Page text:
Paddock said it’s agreed to interview the 25 full-time and six part-time Shaw production employees affected by the outsourcing for possible employment. Some may be reassigned to new roles within Shaw, while displaced employees will be offered a severance package and out-placement services.
Paddock’s Schaumburg facility, anchored by two manroland presses, opened in late 2002. Shaw’s Crystal Lake production center was built in 1985, and expanded in 1989 and 2003.
The Register-Guard of Eugene, Ore., announced yesterday that it had laid off nine full-time and five part-time employees. Publisher Tony Baker also said that five other open positions will not be filled for now.
The job eliminations occurred in all operating departments. The majority of the affected positions were in circulation and human resources. Affected staff members were notified Wednesday and each received a severance package.
In a letter to employees, Baker said the downsizing was a “painful but necessary decision prompted by weaker than anticipated advertising revenue.”
The Register-Guard’s work force after the layoffs will stand at 286 employees, Chief Operating Officer David Pero said.
“We continue to be the leading provider of local information customers value; there is a profitable market for the business that can dominate that niche,” Baker said in his letter to employees.
“The recession has dealt most local businesses financial setbacks of varying degrees. The R-G, which depends heavily on the fortunes of those same local businesses for our success, has been hit particularly hard through downturns in the retail, automotive, real estate and employment arenas. Each of those sectors will rebound as the economy shows real improvement. And when they do, we must be positioned to take advantage of the opportunities they present.”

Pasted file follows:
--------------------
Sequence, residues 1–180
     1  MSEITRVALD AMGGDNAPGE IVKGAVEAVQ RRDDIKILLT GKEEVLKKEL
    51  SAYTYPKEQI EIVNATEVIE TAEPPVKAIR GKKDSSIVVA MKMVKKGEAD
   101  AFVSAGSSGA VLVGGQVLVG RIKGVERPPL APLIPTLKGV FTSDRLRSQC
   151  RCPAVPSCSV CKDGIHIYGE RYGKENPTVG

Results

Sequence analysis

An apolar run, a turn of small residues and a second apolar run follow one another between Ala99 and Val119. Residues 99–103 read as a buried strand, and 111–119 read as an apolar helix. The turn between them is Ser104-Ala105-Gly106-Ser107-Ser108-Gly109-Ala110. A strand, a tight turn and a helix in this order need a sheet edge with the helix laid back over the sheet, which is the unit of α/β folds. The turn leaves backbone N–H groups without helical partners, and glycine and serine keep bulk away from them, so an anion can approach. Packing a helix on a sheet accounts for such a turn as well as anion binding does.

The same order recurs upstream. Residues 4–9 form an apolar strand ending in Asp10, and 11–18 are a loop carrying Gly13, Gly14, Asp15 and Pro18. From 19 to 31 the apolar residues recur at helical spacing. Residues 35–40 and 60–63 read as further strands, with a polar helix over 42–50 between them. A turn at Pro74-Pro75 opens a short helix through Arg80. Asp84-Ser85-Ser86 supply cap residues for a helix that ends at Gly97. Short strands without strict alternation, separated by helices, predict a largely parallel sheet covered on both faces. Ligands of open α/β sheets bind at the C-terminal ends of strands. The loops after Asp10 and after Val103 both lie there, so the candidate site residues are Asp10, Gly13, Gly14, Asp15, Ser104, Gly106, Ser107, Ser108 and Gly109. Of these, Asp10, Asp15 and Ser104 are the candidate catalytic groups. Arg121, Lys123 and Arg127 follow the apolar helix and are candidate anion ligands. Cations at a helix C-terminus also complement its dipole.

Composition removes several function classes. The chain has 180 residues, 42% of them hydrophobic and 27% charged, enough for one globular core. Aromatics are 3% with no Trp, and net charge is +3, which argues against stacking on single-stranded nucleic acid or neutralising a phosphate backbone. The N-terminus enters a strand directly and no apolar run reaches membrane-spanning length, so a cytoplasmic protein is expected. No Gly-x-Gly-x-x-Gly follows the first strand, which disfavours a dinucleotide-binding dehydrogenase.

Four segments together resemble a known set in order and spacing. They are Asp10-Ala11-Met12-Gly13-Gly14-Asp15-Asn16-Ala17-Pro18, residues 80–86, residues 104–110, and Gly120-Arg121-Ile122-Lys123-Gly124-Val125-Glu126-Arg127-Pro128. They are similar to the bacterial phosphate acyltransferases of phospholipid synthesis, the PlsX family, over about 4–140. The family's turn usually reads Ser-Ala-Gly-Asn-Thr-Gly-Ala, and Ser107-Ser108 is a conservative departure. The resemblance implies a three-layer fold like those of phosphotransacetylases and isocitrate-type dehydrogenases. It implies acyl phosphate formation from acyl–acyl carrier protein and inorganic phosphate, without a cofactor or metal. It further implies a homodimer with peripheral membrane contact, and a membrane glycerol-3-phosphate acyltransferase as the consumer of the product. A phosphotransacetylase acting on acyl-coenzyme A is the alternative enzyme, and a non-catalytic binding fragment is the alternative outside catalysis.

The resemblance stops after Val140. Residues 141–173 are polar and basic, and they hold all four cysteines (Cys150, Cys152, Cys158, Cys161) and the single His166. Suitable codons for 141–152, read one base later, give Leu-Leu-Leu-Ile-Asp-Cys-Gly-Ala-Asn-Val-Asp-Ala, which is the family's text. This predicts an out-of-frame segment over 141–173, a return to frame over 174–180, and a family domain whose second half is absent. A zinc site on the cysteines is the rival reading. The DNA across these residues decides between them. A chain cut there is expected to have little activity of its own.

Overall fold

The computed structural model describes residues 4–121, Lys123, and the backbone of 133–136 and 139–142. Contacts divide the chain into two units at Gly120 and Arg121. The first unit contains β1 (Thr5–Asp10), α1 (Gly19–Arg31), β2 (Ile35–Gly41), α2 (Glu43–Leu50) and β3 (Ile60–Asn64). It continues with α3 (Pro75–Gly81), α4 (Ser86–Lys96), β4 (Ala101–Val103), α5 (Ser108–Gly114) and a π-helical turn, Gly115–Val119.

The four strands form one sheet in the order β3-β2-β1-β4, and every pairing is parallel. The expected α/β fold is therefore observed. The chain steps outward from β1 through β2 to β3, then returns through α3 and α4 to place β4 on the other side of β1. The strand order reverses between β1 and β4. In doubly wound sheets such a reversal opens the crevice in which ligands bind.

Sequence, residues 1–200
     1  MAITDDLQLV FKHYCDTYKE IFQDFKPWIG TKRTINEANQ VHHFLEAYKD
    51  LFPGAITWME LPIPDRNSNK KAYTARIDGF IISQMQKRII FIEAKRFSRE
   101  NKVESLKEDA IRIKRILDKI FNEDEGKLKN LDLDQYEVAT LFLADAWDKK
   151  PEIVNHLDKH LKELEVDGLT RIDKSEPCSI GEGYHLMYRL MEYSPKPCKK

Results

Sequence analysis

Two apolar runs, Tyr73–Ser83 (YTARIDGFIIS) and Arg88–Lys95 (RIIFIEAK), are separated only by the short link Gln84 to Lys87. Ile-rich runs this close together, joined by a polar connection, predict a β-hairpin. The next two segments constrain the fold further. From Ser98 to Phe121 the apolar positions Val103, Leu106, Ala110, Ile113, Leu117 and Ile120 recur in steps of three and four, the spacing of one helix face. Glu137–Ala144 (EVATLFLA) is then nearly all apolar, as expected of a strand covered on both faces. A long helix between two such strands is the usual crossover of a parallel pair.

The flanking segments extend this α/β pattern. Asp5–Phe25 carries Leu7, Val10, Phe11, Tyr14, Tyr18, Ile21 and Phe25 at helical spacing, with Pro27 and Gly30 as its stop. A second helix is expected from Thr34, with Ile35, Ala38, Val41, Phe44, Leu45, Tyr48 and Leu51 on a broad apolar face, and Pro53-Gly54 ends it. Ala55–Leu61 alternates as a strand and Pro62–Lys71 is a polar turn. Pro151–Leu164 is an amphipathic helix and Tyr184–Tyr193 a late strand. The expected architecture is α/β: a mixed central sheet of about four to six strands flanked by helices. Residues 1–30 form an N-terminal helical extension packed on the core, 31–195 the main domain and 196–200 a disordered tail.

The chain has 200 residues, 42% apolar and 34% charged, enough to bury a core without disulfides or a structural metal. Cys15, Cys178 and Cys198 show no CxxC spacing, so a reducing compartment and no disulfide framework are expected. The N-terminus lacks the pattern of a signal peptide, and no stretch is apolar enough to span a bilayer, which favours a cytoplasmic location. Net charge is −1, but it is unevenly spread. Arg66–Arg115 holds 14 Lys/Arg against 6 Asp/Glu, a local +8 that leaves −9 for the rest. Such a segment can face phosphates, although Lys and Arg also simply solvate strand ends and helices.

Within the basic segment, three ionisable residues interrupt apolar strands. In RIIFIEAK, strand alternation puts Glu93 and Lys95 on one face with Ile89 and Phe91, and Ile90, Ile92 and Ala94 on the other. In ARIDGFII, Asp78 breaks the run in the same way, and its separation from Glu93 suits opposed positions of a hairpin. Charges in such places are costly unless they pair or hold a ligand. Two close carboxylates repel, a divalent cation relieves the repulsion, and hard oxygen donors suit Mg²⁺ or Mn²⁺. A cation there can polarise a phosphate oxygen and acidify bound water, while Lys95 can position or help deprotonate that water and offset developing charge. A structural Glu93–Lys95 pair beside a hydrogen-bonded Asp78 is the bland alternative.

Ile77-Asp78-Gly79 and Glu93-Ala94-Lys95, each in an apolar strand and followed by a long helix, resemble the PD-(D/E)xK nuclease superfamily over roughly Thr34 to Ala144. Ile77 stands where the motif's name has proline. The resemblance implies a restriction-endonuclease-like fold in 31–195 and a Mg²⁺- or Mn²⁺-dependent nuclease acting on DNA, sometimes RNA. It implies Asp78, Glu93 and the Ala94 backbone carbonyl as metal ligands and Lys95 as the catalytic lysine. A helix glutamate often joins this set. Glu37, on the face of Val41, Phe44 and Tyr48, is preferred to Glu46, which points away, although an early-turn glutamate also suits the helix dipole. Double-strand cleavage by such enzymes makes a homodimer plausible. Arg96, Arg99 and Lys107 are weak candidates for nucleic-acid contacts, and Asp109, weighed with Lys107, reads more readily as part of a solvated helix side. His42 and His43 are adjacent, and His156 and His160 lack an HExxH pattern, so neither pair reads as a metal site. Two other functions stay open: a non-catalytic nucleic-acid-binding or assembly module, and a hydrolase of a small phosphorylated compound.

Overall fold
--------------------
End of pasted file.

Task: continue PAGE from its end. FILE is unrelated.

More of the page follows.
The Oregonian announced today the layoffs of 37 employees. The Portland-based newspaper said that the majority are in the news department, with smaller numbers in advertising, circulation and accounting. Affected staff members were notified this morning.
The layoffs had been expected, and are part of News Cycle’s newspaper layoff count in December of last year.
Severance packages were offered. Staffers were informed last year that layoffs were likely this month. The Oregonian, like all newspapers, has endured declining revenues the past few years, the result of the recession and the migration of advertising to the Internet.
After the layoff, Oregonian Publishing Company will have 750 employees, more than 200 of whom work in the news department.
“These layoffs are a painful but necessary part of our 2010 budget, which was developed to ensure financial stability for The Oregonian now and in the future,” said N. Christian Anderson III, president and publisher of The Oregonian.
Sales of new single-family houses in January 2010 were at a seasonally adjusted annual rate of 309,000, according to estimates released jointly today by the U.S. Census Bureau and the Department of Housing and Urban Development.
This is 11.2 percent below the revised December rate of 348,000 and is 6.1 percent (±15.1%)* below the January 2009 estimate of 329,000.
The median sales price of new houses sold in January 2010 was $203,500; the average sales price was $254,500. The seasonally adjusted estimate of new houses for sale at the end of January was 234,000. This represents a supply of 9.1 months at the current sales rate.
The Senate conducted this debate on its filibuster rules in 2005. It’s the same debate it is having now, but the players have switched sides: